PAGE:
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Tomorrow should be a big day for silver. Not necessarily in terms of price; but more in an historical context. Of course, I'm speaking of the CFTC open hearing on several rulemakings mandated by the new Dodd-Frank Financial Reform Act; most notably as it pertains to speculative position limits. There is no question in my mind that the issue of position limits and this meeting will be historic in regards to silver.


Several of you have asked me what I expect to be said at this meeting. The truth is that there is no way I could possibly know, apart from what should be said. I know that something will be said or decided about positions limits. That's enough for me to label this meeting as historically significant. It almost doesn't matter what is said. Even if the Commission sidesteps or delays the issue or comes up with an unreasonably large position limit for silver; that will be instructive, as it will aid us in what to do next. Make no mistake – the issues of concentration, manipulation and position limits are more critical to silver than to any other market.  I think I understand the pressures on the Commission to tread lightly on silver position limits, so as not to disrupt the market. I hope they also remember that manipulation is the most serious market crime possible and that the silver manipulation is very much still a crime in progress. Those facts overweigh any potential market disruption. I am hopeful that the matter will be dealt with in a direct and open manner.


I admit to making a big deal out of this and previous CFTC open hearings. I further think that I have been correct to have done so, considering how far we have come on this issue. The first hearings were the three-day open discussions on energy position limits in the summer of 2009, followed by the January 14th and March 25th public hearings this year. Each successive meeting has advanced the matter of position limits in physical commodities. The meeting tomorrow should do the same and just might resolve the issue once and for all.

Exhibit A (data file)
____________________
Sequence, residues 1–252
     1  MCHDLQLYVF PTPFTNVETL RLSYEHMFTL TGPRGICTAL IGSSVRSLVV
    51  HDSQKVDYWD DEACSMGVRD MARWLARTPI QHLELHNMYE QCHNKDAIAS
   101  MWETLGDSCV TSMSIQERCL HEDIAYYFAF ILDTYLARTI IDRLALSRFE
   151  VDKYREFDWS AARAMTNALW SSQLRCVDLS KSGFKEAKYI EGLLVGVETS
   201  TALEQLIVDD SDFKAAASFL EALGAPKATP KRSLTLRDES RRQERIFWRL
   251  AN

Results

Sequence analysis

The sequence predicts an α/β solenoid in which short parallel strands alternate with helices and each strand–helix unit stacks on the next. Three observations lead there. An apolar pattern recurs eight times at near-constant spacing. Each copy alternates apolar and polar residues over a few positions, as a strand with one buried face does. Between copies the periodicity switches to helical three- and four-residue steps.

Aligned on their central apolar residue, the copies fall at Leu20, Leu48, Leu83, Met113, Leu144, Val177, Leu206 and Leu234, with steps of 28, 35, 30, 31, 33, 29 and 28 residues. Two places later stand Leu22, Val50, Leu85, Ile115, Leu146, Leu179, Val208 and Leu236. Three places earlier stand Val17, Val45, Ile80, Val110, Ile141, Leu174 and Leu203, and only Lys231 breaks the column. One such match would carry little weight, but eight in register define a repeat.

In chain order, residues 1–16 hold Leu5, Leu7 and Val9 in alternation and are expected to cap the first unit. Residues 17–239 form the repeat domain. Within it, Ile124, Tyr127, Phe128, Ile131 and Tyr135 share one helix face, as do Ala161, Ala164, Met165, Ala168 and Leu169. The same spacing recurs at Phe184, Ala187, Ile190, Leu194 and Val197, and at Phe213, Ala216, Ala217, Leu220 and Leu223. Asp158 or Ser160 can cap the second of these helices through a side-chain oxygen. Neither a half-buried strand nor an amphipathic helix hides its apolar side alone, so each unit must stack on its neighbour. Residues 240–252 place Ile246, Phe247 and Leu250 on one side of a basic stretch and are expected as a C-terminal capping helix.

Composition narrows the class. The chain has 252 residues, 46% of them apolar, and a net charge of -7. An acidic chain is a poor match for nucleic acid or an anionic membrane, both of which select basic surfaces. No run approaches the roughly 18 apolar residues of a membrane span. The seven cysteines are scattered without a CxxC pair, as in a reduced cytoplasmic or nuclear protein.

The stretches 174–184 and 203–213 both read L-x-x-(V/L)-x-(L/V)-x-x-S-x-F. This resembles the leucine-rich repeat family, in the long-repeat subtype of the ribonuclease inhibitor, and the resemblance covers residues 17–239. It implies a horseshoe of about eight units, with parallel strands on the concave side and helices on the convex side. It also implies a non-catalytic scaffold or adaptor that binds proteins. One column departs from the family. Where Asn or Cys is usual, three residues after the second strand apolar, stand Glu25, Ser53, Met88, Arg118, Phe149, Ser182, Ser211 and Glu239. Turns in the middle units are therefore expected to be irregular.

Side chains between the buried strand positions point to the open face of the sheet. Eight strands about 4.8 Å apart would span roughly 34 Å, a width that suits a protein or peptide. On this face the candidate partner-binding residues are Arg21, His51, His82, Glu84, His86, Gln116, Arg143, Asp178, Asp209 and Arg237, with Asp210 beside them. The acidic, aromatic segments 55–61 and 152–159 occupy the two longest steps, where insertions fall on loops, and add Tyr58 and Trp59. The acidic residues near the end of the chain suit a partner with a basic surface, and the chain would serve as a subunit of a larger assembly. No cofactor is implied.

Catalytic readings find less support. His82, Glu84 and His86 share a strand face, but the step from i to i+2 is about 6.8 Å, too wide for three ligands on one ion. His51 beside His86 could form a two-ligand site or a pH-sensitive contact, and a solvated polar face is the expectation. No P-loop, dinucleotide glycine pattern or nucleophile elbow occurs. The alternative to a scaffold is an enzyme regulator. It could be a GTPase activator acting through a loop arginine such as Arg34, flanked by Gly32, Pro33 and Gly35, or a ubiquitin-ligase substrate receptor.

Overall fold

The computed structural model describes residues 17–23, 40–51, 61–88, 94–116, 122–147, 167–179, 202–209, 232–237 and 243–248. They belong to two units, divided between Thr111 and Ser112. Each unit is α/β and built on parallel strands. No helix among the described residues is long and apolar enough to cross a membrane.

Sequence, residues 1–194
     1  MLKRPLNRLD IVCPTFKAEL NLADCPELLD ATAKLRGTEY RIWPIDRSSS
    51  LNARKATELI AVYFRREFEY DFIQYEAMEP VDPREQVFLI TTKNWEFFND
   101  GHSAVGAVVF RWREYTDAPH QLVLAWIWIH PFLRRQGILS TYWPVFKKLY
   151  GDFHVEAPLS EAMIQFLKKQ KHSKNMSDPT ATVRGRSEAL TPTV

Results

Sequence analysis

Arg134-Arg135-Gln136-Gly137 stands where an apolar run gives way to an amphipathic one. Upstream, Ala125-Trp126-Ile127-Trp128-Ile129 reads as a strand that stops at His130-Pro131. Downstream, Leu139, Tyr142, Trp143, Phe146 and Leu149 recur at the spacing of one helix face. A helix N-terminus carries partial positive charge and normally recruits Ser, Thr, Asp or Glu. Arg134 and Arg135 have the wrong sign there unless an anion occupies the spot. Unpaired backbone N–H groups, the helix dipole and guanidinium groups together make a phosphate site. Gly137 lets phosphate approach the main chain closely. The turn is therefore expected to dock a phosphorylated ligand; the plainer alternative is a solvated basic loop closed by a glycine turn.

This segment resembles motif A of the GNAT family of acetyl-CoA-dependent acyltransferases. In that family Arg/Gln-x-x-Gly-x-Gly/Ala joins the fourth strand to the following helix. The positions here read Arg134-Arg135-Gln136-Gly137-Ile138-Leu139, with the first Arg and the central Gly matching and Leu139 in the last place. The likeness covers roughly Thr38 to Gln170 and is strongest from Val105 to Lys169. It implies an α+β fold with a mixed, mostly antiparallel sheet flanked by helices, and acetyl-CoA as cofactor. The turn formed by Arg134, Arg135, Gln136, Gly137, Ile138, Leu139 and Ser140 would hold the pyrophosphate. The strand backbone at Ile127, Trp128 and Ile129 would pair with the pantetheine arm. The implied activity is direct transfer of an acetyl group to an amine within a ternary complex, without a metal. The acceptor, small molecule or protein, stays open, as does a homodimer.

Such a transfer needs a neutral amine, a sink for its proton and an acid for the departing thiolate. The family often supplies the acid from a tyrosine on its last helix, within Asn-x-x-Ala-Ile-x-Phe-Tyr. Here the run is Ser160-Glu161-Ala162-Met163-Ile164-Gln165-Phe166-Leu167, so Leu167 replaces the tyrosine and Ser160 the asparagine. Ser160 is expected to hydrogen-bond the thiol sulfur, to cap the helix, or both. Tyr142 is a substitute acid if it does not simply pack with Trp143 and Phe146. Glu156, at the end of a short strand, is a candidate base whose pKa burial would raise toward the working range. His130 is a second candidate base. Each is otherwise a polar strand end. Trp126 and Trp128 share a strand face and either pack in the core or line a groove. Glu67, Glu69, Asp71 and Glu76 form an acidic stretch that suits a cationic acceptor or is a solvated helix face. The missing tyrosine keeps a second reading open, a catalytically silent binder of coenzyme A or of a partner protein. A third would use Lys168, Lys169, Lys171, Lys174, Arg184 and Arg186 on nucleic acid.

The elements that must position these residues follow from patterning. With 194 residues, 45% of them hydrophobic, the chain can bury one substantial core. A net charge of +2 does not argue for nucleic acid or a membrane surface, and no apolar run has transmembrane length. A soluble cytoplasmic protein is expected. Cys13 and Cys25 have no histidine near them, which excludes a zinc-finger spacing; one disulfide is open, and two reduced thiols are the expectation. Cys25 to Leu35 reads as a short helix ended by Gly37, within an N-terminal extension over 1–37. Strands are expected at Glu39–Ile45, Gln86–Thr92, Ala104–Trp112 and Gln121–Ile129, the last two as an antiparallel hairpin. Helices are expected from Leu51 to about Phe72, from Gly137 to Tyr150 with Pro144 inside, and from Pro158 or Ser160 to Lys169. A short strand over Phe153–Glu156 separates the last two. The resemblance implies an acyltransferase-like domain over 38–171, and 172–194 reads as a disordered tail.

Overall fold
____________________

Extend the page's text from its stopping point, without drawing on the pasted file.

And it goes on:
Shortly after Gary Gensler was sworn in as chairman of the CFTC in May 2009, he started talking about market concentration and position limits and began to hold public hearings on these issues. That's when I took to singing his praises, after two decades of criticizing the CFTC at every turn for their negligence about the silver manipulation. I know that most people did not understand my abrupt about face and many let me know of their disagreement with my take on Gensler in no uncertain terms. Then again, most people had not pressed the Commission on the silver manipulation and its sole antidote of legitimate position limits for 20 years, as I had. I understood that people chose to judge Gensler based upon his previous background and not on his current words and actions. To see the new chairman say and do all the right things on the very issues I had championed for 20 years was all I needed to change my mind. That said, the situation is not yet resolved and it would be premature to declare victory. While the jury is still out on whether Gensler will finish the job and see position limits implemented, the evidence to date suggests that he will.


I would be incorrect and ungrateful if I failed to acknowledge the massive outpouring of support from the public in writing to the Commission and other public officials on the matter of position limits and the silver manipulation. Many of you submitted public comments despite disagreement with my take on Gensler. That was particularly gratifying to me. I had written to the Commission on these issues for decades on my own and got nowhere. More than anyone, I know the impact you had on these matters. Along with the new chairman, public participation made all the difference in the world. Thank you.


The one nagging doubt I still have is the pressure now being placed upon the Commission to delay the implementation of position limits. Let's not kid ourselves, this is a last ditch effort by the CME Group and JPMorgan and the other large silver shorts to delay the imposition of position limits, thereby postponing the termination of the silver manipulation. This is a powerful constituency not to be underestimated. They are working overtime and in the shadows to now delay what they failed to prevent in the Dodd-Frank Act, despite tens of millions of dollars in lobbying efforts. These crooks know the stakes well and will fight to obstruct the new law at every turn.